Obesity research is riddled with methodological problems that are rarely challenged, leading to the perpetuation of misinformation and interventions that do harm. Given the two-thirds of the population who are classified as higher weight and thus subject to these interventions, it is past time to clean up the basic scientific flaws in this research area.

For a quick summary of a couple of these issues, see Poodle Science:... more »

Voting

24 net votes
44 up votes
20 down votes
Active
(@klaus0)

Goal 3: Advance Translational Research

Integrate mechanistic and translational research

Other entries have asked for support for translational research. To be successful, this must be integrated with mechanistic research. Ideally. MD-PhD teams would get together. Challenges in translation: find formulation, preclinical toxicology, phase I trials to establish safety, biomarkers. Challenges in mechanism: RNA-Seq, Chip-Seq of relevant cells, KO mice by Cas-CRISPR, deep expertise in the relevant discipline.

Voting

28 net votes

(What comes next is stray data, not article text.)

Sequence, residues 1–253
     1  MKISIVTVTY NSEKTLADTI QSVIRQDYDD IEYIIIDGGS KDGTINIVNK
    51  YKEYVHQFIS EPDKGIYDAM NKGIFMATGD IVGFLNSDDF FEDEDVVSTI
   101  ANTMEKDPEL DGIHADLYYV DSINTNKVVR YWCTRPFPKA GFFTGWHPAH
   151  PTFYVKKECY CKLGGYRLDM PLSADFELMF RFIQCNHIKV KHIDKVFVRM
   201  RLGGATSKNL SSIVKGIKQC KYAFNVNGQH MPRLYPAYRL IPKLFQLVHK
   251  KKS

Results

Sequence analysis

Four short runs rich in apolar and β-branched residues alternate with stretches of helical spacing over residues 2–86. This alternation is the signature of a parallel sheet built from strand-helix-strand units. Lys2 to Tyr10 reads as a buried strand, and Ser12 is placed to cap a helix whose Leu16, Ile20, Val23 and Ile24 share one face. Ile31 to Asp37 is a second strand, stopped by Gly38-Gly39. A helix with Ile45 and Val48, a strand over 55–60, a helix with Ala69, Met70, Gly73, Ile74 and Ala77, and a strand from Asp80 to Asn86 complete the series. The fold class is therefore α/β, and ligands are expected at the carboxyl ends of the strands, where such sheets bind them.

37 up votes
9 down votes
Active
(@daniel.perez)

Goal 3: Advance Translational Research

Develop guidelines, standard of care, new technologies for respiratory care for adult facioscapulohumeral muscular dystrophy

There is a need for NHLBI to develop guidelines, standard of care, new technologies for respiratory care for adult muscular dystrophy (facioscapulohumeral, myotonic and limb girdle) patients with undiagnosed or unforeseen hypercarbia CO2 retention in the acute setting who end up in trouble to help the families, doctors and patients navigate their way back to stable condition e.g. perhaps going forward with non-invasive... more »

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-12 net votes
2 up votes
14 down votes
Active
(@robertblock)

Goal 3: Advance Translational Research

lipidomics